Cell-Based Therapy Restores Olfactory Function in an Inducible Model of Hyposmia.


Interdisciplinary Stem Cell Institute, University of Miami Miller School of Medicine, 1501 NW 10th Avenue, Biomedical Research Building, Room 809, Miami, FL 33136, USA; Department of Otolaryngology, University of Miami Miller School of Medicine, Miami, FL 33136, USA; Graduate Program in Neurosciences, University of Miami Miller School of Medicine, Miami, FL 33136, USA. Electronic address: [Email]


Stem cell-based therapies have been proposed as a strategy to replace damaged tissues, especially in the nervous system. A primary sensory modality, olfaction, is impaired in 12% of the US population, but lacks treatment options. We report here the development of a novel mouse model of inducible hyposmia and demonstrate that purified tissue-specific stem cells delivered intranasally engraft to produce olfactory neurons, achieving recovery of function. Adult mice were rendered hyposmic by conditional deletion of the ciliopathy-related IFT88 gene in the olfactory sensory neuron lineage and following experimentally induced olfactory injury, received either vehicle or stem cell infusion intranasally. Engraftment-derived olfactory neurons were identified histologically, and functional improvements were measured via electrophysiology and behavioral assay. We further explored mechanisms in culture that promote expansion of engraftment-competent adult olfactory basal progenitor cells. These findings provide a basis for translational research on propagating adult tissue-specific sensory progenitor cells and testing their therapeutic potential.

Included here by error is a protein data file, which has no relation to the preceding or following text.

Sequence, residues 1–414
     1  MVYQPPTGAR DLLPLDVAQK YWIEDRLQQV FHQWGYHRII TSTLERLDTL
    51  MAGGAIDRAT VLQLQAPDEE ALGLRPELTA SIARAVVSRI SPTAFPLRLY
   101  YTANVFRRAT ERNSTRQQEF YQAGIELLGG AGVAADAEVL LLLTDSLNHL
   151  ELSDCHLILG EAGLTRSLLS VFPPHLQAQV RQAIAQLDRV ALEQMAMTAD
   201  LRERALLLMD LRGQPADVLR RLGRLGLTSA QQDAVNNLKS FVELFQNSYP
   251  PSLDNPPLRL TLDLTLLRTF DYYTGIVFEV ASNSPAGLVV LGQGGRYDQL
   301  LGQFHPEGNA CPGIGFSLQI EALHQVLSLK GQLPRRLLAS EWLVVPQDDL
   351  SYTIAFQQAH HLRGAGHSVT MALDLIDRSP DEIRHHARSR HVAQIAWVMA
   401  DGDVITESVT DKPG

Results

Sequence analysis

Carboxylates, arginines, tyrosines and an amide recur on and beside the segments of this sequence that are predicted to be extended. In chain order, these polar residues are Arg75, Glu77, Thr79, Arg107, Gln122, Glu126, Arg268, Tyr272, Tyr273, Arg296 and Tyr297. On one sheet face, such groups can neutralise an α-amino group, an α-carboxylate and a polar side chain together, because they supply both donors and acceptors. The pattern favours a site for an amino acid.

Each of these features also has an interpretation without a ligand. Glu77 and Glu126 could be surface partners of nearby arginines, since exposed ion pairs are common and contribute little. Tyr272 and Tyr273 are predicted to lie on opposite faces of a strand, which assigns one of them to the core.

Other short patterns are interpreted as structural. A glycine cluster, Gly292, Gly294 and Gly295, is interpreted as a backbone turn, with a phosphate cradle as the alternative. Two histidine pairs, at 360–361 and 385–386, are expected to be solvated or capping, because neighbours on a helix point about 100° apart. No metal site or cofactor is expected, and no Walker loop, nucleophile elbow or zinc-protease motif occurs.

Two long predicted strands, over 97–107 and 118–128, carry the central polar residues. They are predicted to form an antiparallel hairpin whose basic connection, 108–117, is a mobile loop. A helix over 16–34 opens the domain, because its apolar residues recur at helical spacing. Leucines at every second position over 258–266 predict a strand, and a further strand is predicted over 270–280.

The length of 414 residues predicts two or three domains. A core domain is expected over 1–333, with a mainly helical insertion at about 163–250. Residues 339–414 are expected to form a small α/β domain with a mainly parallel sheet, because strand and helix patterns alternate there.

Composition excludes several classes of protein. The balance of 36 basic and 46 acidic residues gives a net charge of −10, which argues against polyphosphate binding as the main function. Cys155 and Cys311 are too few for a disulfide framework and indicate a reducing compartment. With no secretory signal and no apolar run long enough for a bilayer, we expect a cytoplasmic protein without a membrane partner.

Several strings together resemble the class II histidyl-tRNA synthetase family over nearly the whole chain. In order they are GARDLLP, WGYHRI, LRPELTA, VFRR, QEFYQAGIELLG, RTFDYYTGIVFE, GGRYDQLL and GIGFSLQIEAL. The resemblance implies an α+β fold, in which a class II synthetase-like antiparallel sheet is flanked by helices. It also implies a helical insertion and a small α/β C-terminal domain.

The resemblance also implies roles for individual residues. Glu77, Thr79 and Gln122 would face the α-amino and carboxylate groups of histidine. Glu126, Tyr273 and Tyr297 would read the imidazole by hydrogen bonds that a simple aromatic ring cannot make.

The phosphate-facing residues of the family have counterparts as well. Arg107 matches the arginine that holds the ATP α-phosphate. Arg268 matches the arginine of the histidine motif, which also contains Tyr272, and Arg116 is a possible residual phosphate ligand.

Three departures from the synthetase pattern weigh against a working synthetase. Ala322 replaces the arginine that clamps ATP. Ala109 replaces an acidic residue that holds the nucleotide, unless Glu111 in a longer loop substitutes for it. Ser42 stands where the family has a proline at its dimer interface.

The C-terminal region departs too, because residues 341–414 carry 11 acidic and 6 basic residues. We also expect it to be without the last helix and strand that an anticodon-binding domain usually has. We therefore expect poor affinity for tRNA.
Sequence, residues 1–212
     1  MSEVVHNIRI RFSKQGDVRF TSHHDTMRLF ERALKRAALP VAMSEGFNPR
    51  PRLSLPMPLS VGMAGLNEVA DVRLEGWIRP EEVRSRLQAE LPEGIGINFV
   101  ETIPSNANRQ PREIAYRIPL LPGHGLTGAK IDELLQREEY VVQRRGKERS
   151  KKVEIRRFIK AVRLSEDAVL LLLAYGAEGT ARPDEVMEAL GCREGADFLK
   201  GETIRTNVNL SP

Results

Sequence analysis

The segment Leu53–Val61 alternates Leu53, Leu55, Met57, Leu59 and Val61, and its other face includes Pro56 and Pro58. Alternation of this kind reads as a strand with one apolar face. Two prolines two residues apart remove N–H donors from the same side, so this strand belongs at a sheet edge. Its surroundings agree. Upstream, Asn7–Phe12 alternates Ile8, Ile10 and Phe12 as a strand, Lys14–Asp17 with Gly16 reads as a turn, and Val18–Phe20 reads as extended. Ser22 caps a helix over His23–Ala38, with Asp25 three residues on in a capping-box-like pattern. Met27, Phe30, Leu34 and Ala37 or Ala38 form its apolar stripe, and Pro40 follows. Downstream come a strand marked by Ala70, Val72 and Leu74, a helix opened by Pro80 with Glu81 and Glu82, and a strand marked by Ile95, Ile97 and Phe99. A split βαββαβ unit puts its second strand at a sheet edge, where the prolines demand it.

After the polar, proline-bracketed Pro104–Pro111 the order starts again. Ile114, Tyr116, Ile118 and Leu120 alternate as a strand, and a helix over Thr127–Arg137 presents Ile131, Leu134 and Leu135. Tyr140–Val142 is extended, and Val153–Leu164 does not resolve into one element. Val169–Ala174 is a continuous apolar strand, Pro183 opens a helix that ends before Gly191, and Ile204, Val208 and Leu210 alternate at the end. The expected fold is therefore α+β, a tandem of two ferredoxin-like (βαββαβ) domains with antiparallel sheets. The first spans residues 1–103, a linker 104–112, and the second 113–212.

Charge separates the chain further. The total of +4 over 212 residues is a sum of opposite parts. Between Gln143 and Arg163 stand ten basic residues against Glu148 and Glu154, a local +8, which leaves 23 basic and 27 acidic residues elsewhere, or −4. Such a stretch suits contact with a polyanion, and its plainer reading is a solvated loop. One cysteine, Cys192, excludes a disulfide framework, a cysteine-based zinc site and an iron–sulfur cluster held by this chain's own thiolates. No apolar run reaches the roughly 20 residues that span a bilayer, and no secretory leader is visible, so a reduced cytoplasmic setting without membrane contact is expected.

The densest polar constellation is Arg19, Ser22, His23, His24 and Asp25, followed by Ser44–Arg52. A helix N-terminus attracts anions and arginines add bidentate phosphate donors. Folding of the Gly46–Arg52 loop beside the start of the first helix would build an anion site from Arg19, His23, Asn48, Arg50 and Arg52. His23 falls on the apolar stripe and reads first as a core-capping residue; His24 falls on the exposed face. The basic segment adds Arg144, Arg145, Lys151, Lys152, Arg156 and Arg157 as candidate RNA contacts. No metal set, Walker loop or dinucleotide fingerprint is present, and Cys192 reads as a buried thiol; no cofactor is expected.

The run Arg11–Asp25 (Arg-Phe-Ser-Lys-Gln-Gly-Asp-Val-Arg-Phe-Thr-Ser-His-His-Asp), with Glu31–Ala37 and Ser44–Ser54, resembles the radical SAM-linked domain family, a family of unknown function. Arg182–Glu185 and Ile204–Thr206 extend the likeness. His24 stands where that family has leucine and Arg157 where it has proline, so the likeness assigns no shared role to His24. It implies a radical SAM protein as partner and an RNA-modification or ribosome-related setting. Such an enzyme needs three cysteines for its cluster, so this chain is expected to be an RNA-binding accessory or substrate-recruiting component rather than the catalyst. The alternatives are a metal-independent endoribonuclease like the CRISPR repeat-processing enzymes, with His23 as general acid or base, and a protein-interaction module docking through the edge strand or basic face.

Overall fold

anosmia,ciliopathy,neuron,olfaction,stem cells,

OUR Recent Articles